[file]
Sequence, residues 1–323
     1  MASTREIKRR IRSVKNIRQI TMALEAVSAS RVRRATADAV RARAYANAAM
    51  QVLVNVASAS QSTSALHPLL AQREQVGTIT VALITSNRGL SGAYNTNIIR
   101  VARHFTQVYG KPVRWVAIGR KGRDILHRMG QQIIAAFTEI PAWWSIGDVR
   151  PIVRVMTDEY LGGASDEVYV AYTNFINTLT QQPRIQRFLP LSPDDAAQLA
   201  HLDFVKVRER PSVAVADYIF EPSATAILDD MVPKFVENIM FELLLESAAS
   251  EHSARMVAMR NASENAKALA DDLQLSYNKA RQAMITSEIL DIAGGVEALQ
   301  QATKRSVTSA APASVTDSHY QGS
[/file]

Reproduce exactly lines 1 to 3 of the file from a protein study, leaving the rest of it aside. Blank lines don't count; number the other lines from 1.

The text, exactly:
Sequence, residues 1–323
     1  MASTREIKRR IRSVKNIRQI TMALEAVSAS RVRRATADAV RARAYANAAM
    51  QVLVNVASAS QSTSALHPLL AQREQVGTIT VALITSNRGL SGAYNTNIIR